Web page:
Published: September 17, 2011
As the economy faces the risk of another recession, and the 2012 campaign looms, President Obama has been groping for a response to the biggest crisis of his career. All he has to do is listen to the voters.
The Times and CBS News released a new poll on Friday, and once again we were impressed that Americans are a lot smarter than Republican leaders think, more willing to sacrifice for the national good than Democratic leaders give them credit for, and more eager to see the president get tough than Mr. Obama and his conflict-averse team realize.
So long as the politicians keep reinforcing their misconceptions — and listening only to themselves — the country has little chance of getting what the voters want most: jobs and a growing economy.
Despite what the Republicans loudly proclaim, Americans do not buy into economic theories that were disproved 25 years ago. What the new poll and others show is that most do not see the deficit and “big government” as the main problem, and they do not buy the endless calls for slashing spending and reckless deregulation.
A solid majority said creating jobs should be the highest priority for the government now and that payroll taxes should be cut to help with that. A whopping 8 in 10 think building bridges, roads and schools is important, which means — gasp — spending money.
Many Democrats are so gun shy that they don’t dare even to talk about raising taxes on the rich. But 71 percent of those polled said any plan to reduce the budget deficit should include both spending cuts and tax increases. And Americans understand that there are choices to be made; 56 percent said the wealthier should pay higher taxes to reduce the federal deficit.
It bears repeating that this is all entirely rational, and what the Republicans and some Democrats are proposing is absurd. The country has tried reckless deregulation and overly deep tax and spending cuts before. It brought more than one recession in the last century; caused the near collapse of the financial system and another recession in this one; and helped pile up the current deficit.
Mr. Obama has been making many of those points for months. But he has been doing it with speeches that, while eloquent, are often too long and nuanced, and then lack the kind of relentless repetition that is needed to drown out catchy but false Republican talking points.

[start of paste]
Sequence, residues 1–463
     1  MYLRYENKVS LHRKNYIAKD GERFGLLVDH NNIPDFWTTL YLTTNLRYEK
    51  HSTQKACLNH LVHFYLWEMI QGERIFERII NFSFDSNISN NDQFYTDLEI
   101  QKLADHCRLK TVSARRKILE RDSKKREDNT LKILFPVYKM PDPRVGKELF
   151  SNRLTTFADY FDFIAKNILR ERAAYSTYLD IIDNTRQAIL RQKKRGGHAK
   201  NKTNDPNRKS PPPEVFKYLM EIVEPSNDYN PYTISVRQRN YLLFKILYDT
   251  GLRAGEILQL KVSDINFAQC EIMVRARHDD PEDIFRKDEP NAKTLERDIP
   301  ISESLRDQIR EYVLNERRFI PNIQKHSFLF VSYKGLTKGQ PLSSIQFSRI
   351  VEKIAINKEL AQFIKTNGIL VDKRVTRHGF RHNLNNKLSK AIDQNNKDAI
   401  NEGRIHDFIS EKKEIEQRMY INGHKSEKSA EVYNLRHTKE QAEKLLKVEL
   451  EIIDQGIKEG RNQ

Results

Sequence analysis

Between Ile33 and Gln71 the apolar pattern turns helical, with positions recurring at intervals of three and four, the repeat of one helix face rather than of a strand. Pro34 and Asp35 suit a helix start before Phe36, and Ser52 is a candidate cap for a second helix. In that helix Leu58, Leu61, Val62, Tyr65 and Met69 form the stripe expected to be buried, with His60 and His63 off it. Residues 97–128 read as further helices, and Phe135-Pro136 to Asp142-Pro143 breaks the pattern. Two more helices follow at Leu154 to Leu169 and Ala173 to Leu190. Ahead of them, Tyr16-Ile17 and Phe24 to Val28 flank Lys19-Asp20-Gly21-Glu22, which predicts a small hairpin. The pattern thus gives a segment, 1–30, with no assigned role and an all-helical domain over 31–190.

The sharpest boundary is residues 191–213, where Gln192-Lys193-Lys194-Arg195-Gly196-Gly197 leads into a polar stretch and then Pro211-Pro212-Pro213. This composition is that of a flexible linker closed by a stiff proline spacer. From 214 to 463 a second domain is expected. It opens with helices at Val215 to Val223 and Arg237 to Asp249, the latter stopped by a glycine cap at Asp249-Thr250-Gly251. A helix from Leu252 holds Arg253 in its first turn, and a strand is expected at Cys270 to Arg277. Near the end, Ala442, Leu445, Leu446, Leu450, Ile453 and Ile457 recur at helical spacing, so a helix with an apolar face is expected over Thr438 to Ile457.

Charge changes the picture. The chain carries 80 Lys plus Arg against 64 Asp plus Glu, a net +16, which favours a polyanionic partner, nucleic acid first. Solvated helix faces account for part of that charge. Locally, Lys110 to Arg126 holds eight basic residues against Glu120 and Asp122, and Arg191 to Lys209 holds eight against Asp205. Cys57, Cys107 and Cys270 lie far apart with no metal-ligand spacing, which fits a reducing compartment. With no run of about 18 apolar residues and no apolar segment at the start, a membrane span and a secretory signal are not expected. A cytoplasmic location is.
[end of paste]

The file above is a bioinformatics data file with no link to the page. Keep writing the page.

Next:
He has wasted far too much time trying to puzzle out how he can shave policies down far enough to get the Republicans to cooperate. The answer has long been clear: He can’t. Since he was elected, the Republicans have openly said they would not work with him, and a year ago, Senator Mitch McConnell, the minority leader, said explicitly that the Republicans’ goal was simply to deny Mr. Obama a second term. The new Times poll showed that Americans do not believe bipartisanship is achievable. Six in 10 Democrats want the president to challenge Republicans more. He should not worry about voters thinking he is being mean. What he should worry about is that he is not showing them that he is fighting all out for their interests.
Mr. Obama has done more for the country than many voters realize. The stimulus program so demonized by Republicans was too small, but it saved the economy from a complete collapse. Mr. Obama’s maligned decision to bail out the car companies saved large numbers of jobs. The huge benefits of his health care reform, which Republicans have vowed to repeal, will become clearer to Americans in the years ahead.
That is not enough. The president has done far too little for far too long to help struggling homeowners, and he must do more to put Americans back to work. That is why it is so important and welcome that he has finally begun to take on Congress. His speech to the joint session outlining a significant jobs program was followed by the sound demand that it be paid for with tax revenue increases.
The question is whether he will now fight hard for that program. To get there, he does not need the entire G.O.P. caucus, just a few members, but he also needs to show more strength in leading his own less than courageous caucus. And, win or lose, he needs to stay out of the bargaining backroom and keep making his case to the public.
There is so much noise out there that we are not sure most voters know how much they agree with the president. It is up to Mr. Obama to show them.